Remnants of ices to be avoided, clumps of salt
Detours created for the sake of Chloe’s paws.
This is a strange time of year
Transition from Winter into Spring
Cold and wet ooze
Sloppy puddles, chilly mush
I think of snow cones so desirable in summer
Now distasteful as the wind blows briskly on my face.
The sun’s rays warm my armor
Heavy jacket, wool cap and padded gloves
Ultimately arctic blast seeps into my bones
Hastens my return to shelter
Listening to spinning wheels and scraping shovels
I admire the still blue sky from my window.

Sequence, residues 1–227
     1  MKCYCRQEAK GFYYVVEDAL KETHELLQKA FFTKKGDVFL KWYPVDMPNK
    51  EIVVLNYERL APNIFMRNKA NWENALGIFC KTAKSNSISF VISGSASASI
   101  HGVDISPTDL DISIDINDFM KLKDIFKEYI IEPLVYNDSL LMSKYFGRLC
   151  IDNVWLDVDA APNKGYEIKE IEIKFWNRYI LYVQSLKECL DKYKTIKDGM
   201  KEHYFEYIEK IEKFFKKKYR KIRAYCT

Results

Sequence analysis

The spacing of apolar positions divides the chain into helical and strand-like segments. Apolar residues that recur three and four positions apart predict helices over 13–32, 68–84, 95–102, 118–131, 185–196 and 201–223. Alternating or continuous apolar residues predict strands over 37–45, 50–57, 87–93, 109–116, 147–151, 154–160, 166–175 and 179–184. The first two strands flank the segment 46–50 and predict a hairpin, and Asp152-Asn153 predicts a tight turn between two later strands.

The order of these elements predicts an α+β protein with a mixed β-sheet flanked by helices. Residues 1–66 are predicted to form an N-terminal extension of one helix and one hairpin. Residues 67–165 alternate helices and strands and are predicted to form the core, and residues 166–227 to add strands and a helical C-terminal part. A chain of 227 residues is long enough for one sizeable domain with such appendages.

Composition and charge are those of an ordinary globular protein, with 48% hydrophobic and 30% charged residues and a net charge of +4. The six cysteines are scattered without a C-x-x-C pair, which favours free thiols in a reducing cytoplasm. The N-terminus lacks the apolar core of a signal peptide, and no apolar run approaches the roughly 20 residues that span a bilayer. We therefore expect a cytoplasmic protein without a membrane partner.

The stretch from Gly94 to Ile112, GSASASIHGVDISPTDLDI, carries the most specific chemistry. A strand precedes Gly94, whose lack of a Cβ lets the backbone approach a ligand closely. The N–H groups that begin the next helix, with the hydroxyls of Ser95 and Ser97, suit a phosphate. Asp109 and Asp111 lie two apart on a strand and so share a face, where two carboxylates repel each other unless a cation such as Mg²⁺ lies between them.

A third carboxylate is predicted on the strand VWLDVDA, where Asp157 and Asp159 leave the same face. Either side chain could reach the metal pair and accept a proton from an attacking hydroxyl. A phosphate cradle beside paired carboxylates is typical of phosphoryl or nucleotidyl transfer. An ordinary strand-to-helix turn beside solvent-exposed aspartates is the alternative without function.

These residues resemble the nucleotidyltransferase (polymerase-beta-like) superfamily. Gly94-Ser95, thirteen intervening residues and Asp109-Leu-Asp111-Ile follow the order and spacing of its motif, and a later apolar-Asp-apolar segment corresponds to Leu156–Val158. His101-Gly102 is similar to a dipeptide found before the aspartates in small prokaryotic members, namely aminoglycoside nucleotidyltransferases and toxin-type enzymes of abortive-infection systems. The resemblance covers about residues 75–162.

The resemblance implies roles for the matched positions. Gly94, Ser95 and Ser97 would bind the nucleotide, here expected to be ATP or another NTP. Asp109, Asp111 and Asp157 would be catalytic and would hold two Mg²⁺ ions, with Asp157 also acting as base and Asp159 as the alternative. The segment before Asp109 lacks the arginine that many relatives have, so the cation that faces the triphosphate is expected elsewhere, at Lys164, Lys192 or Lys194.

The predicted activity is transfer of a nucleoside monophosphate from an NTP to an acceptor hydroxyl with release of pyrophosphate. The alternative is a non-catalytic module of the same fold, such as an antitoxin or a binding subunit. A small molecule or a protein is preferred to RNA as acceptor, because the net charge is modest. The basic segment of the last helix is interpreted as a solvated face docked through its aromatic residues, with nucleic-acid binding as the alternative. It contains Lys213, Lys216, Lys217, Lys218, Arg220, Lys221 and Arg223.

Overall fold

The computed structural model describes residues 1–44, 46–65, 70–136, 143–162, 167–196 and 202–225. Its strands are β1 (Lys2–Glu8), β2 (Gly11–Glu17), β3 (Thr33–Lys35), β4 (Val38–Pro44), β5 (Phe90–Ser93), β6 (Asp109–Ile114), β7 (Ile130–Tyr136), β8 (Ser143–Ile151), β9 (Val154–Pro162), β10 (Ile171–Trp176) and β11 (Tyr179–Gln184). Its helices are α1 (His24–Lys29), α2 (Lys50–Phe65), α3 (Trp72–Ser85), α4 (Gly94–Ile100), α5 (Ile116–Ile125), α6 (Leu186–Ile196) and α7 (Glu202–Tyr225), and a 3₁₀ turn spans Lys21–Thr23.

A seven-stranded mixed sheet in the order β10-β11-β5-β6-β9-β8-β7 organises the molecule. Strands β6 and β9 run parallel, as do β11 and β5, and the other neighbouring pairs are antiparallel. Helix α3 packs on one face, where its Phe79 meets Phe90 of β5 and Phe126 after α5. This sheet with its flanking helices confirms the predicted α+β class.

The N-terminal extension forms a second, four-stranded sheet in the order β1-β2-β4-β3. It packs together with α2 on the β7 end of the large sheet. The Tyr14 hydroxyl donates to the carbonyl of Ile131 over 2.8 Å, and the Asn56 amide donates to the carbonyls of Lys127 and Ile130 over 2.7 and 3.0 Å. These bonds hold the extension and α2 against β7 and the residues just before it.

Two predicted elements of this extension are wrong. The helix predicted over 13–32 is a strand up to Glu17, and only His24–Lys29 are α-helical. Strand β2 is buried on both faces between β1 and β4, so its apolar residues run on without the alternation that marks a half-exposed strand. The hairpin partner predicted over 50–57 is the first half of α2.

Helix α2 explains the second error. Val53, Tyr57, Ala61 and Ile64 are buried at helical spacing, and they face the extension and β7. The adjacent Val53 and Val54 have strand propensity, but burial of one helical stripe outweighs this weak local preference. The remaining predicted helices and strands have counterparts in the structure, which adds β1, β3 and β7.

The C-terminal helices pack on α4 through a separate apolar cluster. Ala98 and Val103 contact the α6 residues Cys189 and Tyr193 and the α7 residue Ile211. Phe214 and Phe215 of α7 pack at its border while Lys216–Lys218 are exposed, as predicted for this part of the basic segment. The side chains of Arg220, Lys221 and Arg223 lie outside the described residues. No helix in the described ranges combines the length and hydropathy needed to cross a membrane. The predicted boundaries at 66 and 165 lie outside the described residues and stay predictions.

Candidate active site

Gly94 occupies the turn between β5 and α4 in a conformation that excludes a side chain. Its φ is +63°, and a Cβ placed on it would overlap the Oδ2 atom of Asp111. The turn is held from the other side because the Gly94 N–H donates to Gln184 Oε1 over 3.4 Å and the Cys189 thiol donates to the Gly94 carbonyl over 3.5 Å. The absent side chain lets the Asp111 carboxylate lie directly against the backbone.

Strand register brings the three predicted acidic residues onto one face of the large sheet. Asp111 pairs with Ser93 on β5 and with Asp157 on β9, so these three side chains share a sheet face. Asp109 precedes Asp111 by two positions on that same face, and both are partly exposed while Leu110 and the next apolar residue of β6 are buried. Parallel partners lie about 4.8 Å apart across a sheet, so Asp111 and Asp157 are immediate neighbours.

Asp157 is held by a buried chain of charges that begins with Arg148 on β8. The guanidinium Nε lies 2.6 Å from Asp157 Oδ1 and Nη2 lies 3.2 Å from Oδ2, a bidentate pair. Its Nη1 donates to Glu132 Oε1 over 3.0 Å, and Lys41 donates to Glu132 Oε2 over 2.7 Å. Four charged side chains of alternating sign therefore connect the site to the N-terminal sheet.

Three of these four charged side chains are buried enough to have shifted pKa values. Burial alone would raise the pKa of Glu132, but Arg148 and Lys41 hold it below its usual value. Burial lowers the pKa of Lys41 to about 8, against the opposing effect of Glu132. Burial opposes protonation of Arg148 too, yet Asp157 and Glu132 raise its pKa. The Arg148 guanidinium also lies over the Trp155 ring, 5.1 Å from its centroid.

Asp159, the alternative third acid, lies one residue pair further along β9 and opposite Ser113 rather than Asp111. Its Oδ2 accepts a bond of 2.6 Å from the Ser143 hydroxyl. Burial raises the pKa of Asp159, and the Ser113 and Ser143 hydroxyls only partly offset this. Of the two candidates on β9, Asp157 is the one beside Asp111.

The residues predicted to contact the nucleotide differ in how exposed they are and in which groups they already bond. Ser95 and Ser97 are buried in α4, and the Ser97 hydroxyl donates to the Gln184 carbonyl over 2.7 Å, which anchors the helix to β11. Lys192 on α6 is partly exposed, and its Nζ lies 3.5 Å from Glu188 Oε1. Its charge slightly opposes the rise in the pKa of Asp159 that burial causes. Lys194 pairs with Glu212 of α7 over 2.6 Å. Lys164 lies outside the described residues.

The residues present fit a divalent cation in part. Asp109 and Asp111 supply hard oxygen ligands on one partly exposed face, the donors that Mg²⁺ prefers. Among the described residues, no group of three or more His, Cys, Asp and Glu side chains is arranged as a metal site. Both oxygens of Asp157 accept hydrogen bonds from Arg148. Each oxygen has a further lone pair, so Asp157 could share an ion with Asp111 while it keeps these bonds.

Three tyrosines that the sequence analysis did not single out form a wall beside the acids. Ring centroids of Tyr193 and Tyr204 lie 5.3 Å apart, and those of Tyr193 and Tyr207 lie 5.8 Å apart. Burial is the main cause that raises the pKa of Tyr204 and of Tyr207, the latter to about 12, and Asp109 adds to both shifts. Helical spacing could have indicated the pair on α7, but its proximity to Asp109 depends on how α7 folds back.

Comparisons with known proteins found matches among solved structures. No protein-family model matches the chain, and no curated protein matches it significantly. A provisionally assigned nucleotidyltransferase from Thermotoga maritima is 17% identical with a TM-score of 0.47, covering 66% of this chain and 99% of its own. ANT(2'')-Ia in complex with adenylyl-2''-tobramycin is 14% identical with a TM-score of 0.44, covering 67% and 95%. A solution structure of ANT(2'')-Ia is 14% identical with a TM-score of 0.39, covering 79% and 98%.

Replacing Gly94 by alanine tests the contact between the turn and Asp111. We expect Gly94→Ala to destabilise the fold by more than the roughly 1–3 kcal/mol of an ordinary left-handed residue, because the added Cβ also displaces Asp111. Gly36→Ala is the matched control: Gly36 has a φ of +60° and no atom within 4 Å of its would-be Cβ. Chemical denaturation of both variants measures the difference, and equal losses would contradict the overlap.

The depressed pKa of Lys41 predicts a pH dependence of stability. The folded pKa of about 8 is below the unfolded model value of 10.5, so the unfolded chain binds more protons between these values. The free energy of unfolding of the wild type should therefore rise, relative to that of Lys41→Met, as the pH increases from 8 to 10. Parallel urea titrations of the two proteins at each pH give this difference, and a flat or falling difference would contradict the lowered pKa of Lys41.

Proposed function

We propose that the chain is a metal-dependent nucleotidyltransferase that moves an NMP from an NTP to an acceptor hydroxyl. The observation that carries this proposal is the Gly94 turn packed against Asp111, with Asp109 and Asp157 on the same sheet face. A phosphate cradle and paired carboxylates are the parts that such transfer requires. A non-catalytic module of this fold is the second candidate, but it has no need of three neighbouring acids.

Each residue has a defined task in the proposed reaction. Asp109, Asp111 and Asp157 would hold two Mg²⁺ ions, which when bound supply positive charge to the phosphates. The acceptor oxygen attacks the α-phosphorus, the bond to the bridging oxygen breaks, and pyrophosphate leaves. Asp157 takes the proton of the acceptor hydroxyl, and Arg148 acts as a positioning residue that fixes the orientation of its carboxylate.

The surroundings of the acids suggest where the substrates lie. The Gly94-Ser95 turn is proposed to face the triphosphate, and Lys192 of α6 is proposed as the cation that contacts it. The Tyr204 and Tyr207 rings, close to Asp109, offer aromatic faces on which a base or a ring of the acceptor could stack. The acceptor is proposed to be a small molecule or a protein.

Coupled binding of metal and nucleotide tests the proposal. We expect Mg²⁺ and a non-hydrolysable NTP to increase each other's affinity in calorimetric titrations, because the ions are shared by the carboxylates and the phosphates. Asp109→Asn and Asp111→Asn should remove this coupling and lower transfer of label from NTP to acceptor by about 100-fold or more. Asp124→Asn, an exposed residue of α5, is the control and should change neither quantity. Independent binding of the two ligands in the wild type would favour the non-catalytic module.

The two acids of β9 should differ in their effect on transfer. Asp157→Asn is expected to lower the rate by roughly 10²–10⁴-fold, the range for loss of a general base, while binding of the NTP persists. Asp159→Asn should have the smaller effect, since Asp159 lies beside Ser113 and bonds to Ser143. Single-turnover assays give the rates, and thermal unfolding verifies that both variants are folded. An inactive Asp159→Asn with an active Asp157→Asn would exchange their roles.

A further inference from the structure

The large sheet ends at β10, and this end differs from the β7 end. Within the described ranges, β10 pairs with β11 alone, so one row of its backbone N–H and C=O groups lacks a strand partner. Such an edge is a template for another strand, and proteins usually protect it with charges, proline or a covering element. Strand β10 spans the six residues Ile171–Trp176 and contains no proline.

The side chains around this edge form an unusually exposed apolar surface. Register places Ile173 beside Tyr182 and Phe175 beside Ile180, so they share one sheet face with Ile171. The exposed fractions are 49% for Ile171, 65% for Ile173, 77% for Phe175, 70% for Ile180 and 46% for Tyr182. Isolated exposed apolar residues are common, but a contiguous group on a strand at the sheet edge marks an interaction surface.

Like every campus, Cal Poly has a few traditions. Girls are given a lei by proud parents rather than a bouquet of flowers. It is customary to lavishly decorate the top of your cap and go drinking the night before you “walk”. A large breakfast is recommended during the wee hours of the night, prior to downing a few more stiff drinks at 6:00 a.m. Some parents accompany their son or daughter to the bars. We didn’t. On Friday morning we were out scouting the campus to see where the big commencement was taking place on Saturday morning while Alex was at a second job interview. That afternoon we went grocery shopping with the help of Alex and her boyfriend T.J. to prepare for a Graduation Eve barbecue for Alex and her friends. They enjoyed our food and libations and we enjoyed meeting the friends who were in town. (Many not yet graduating had gone home for the summer or weekend). Good news arrived for Alex. A job she wanted working as a patient care technician in a local dermatology office which will provide her with both steady employment and needed experience towards her goal of becoming a Physician’s Assistant (P.A.). My dear friend Barbara, former college roommate and my West Coast sister, made the trip from L.A. with her husband Ron to be there on Alex’s special day. It was hot sitting up in the stadium bleachers and hot for Alex below. By the time she met up with us after the large ceremony she was grateful for water and a muffin. (She was starving too.) After some picture taking, it was on to the smaller ceremony for the various departments, where the graduate’s names are actually called and students are personally graduated by the head of their department. In Alex’s case, she graduated with a B.S. in Psychology from the College of Liberal Arts. On her sheet she elaborated on her name by adding the words “Amazing” and “Meow”. A few more photos and we returned to Alex’s house for brunch. (Plenty of food was leftover from the night before and just to make sure we had plenty, we stopped at the grocery with Ron & Barbara to buy more). There was time in the afternoon for rest and a swim before a celebratory dinner. Sunday was Father’s Day. We spent the afternoon at Montaña de Oro State Park referred to in my captions as Los Osos, the community it is adjacent to on the coast. Monday, our last day with Alex, we spent part of the time at Avila a small beach front town 20 minutes away from San Luis Obispo and walked on the windy pier and beach. Tuesday it was time to leave, early in the morning for a drive down the coast to LAX and our return flight. Hope to visit soon.